--My teacher put an equation on the board and said there were a few ways to solve it. He wanted us to pick a way to solve it that would be best if our life depended on getting it right, a method if we wanted to have the most fun trying a wacky way, and a method that was the quickest, even if it might sometimes cause you to make a careless error.

--He showed us a shape we had never seen before. We had to experiment with rulers and protractors and calculators and come up with the area—and then we had to come up with a formula we could remember. I love when he says, “Try more experiments. That’s what math is about.”

--My small group was given a big jar of pennies. We had to come up with 5 different ways we could estimate the number of pennies in the jar. He is giving the same problem to the kids in a class two grades below mine and two grades above mine.

My math teacher says humanities classes could be fun too, but mostly they are taught like math classes that did only number-crunching right-and-wrong drills. He says humanities classes could be filled with opinions, creative writing, lots of discussions, and using evidence to back up our own theories. He even says there are people who have a love of literature the way we have a love of numeracy. Yeah, right.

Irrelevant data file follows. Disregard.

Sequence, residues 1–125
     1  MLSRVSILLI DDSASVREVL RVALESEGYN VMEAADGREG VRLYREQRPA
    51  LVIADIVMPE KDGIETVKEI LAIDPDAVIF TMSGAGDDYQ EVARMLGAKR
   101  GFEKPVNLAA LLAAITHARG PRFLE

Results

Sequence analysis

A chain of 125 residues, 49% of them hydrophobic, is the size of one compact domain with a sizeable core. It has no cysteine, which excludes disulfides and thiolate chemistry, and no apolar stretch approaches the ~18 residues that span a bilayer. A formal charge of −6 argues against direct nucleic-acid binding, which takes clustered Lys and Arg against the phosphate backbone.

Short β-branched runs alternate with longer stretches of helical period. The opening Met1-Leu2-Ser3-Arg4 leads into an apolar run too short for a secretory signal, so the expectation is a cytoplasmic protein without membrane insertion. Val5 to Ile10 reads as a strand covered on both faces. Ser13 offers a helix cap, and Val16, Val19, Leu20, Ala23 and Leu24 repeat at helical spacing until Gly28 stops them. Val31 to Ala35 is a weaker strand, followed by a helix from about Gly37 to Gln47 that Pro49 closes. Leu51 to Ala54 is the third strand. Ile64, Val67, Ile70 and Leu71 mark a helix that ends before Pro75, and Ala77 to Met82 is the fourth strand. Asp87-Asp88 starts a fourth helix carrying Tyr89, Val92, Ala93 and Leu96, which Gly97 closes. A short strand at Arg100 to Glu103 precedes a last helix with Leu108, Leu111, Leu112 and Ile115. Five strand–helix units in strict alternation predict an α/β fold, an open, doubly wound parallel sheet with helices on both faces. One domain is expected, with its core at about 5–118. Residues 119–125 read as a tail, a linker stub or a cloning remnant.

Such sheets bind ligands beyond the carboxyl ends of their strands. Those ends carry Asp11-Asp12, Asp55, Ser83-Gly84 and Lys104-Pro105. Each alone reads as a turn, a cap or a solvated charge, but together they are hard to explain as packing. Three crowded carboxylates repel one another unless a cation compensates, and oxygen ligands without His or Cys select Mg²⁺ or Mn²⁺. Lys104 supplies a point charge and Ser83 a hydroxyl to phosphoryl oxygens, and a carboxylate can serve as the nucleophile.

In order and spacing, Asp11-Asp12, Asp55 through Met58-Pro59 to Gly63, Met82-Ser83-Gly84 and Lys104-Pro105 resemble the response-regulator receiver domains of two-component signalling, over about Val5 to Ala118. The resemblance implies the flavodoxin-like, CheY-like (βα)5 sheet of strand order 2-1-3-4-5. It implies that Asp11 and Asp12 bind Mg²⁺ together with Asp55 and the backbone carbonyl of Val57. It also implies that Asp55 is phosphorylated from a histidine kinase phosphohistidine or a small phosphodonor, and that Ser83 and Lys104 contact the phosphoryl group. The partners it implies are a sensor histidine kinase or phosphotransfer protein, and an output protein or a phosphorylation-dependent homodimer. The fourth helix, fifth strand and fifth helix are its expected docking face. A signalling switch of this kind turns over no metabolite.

Wednesday, May 7, 2014

Don't Be Bored...Or Boring

This is an exhortation, a plea, a pat on the back and a push up the hill. It is meant to inspire and unsettle, and to help you find your passion and determination. It comes as a request and a challenge: Don’t plan to go into class and tell your students, “This is the boring part.”

Haven’t you and the kids been bored enough already!? When we were students in school, when our minds were striving to explore and understand, how often we ourselves were bored, and our teachers looked and sounded so bored themselves. I thought they should say to us, “Learning to be bored in school is preparing you to be bored as an adult. Get used to it. This day will be another exercise in learning to be bored.”
It is not a version of grit to passively accept boredom. It is not a version of grit to be passive. For teachers or for students. It’s a version of submission.